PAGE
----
Originally published on Fri February 1, 2013 7:17 pm

The economy shrunk in the fourth quarter — for the first time in three years — and one of the critical reasons was a drop in defense spending. Apparently, contractors took precautionary steps and held onto money in case the federal government failed to avert the fiscal and tax crisis known as the fiscal cliff.

But there's now a new deadline — automatic budget cuts, known as sequestration, which may hit at the beginning of March.

The Effect On Contractors

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U.S.
5:59 pm
Thu January 31, 2013

Hagel Grilled By Fellow Republicans At Conformation Hearing

Originally published on Sun February 3, 2013 12:53 pm

President Obama's pick to lead the Pentagon testified in a confirmation hearing before a Senate panel on Thursday. Former Sen. Chuck Hagel, a Republican, faces opposition chiefly from members of his own party. Senators grilled him over his support for Israel, American policy toward Iran, and cutbacks in the defense budget.

World
4:39 pm
Wed January 23, 2013

U.S. Military Seeks Its Role In Troubled North Africa

Gen. Carter Ham, who heads the U.S. Africa Command, meets with Algerian President Abdelaziz Bouteflika last September. Amid upheaval in the region, AFRICOM is still attempting to define its mission.
Farouk Batiche Getty Images

Originally published on Wed January 23, 2013 8:53 pm

The recent crises in northern Africa, from Libya to Mali to Algeria, have raised a host of questions about the role of the American military command responsible for the entire continent.

Founded in 2007, the United States Africa Command, or AFRICOM, was created to train African militaries so U.S. troops would not be called upon in times of crisis.

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Afghanistan
5:39 am
Thu January 10, 2013

How Many U.S. Forces Will Afghan Mission Need After 2014?

Originally published on Thu January 10, 2013 3:04 pm

Transcript

RENEE MONTAGNE, HOST:

Those decisions about U.S. troop levels will have an impact on the lives of people in Afghanistan, especially in places where the Taliban insurgency remains active, like Kandahar. Kandahar is, of course, the birthplace of the Taliban movement. And to find out more about what Afghans are thinking about the U.S. drawdown, we reached Ehsan Ullah Ehsan, who is the director of a school in Kandahar, the Kandahar Institute of Modern Studies, which has offered, for several years, instruction to girls in computers, English and business management.

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Afghanistan
5:04 am
Wed October 24, 2012

U.S. Eager To Step Aside; Are Afghan Forces Ready?

Afghan soldiers stand at attention during a ceremony transferring authority from NATO-led troops to Afghan security forces in Afghanistan's Kunar province. The transfer of responsibility for security from NATO-led ISAF forces to Afghan troops is scheduled to be completed by the end of 2014.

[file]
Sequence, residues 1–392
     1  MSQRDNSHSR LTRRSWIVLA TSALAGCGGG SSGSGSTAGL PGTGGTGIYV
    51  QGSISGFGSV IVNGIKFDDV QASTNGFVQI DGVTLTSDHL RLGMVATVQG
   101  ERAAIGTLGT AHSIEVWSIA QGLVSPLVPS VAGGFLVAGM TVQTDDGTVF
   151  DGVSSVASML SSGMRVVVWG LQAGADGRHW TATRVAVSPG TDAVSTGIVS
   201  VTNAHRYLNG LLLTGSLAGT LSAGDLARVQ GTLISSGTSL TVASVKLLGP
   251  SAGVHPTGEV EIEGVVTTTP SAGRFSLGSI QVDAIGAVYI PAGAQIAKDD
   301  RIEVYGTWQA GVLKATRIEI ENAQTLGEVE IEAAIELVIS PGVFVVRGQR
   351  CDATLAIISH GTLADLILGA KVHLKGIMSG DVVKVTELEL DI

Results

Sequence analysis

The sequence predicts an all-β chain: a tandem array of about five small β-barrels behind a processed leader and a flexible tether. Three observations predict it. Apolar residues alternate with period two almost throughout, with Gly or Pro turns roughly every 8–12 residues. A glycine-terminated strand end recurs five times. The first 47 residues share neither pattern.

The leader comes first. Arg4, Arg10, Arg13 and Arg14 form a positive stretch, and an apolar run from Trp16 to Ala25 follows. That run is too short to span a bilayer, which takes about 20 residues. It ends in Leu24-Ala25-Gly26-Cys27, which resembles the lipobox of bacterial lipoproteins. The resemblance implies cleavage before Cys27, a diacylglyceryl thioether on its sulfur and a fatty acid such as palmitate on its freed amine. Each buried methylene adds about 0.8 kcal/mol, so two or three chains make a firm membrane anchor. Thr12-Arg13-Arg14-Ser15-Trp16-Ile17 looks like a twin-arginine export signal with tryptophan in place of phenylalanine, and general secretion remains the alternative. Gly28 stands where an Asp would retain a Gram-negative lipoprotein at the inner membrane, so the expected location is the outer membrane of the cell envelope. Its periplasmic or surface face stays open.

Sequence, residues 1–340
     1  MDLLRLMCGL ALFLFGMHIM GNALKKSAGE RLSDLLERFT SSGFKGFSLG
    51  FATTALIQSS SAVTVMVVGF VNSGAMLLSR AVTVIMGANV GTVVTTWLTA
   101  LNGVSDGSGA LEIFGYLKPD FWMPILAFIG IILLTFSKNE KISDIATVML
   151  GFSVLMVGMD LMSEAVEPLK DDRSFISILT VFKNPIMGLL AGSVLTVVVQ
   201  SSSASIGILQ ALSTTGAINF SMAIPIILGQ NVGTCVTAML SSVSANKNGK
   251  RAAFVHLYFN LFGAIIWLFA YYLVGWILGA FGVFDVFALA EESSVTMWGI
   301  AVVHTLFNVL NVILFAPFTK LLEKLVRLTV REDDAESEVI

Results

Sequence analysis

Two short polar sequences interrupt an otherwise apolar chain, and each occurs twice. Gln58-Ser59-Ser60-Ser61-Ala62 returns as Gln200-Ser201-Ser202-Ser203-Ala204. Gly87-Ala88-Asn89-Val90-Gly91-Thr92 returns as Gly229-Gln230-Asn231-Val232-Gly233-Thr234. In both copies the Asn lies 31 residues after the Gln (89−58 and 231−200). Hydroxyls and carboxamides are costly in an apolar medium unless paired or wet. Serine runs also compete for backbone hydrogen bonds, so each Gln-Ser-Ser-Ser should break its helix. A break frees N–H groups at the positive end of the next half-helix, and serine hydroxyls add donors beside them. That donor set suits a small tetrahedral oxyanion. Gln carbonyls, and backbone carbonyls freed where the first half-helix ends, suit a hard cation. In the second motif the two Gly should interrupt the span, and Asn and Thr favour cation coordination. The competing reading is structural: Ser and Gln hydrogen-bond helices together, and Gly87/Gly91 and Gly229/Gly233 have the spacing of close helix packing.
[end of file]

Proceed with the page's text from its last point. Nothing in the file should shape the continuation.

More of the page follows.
Rahmat Gul AP

Originally published on Wed October 24, 2012 7:30 am

America's exit strategy in Afghanistan is to have Afghan forces take the lead in fighting for their country. But too often these days, the job still falls to U.S. troops.

A senior officer in Afghanistan tells NPR that Americans continue to coddle Afghan forces and that this must stop. Tough love is in, the officer says. He says the Afghan forces are far more capable than the U.S. estimates and have simply grown accustomed to the U.S. doing everything for them.

That pretty much sums up the situation in southern Afghanistan earlier this year.

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It's All Politics
3:40 pm
Tue October 23, 2012

Horses, Bayonets And The Modern Military

U.S. Army Special Forces ride horseback as they work with members of the Northern Alliance in Afghanistan in 2001.
AP

Originally published on Tue October 23, 2012 3:58 pm

President Obama said during Monday night's debate that the U.S. Army has fewer horses and bayonets than in the past.

That's true. Although Army Special Forces were on horseback in Afghanistan when they helped defeat the Taliban in 2001, the Army's horses are now used only for ceremonial occasions.

As for bayonets? The last bayonet charge was during the Korean War in 1951.

The bayonet has somewhat gone the way of the horse cavalry, as far as the Army is concerned (although Marines still use bayonets in training).

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The Two-Way
12:10 pm
Tue October 16, 2012

Second Female Marine Fails Grueling Infantry Officer Course

Female Marines unload their rifles after a patrol with Afghan soldiers in Helmand province in June. The Marine Corps leadership has started an experiment to determine whether female Marine lieutenants have what it takes to become infantry officers and lead on the battlefield.
Adek Berry AFP/Getty Images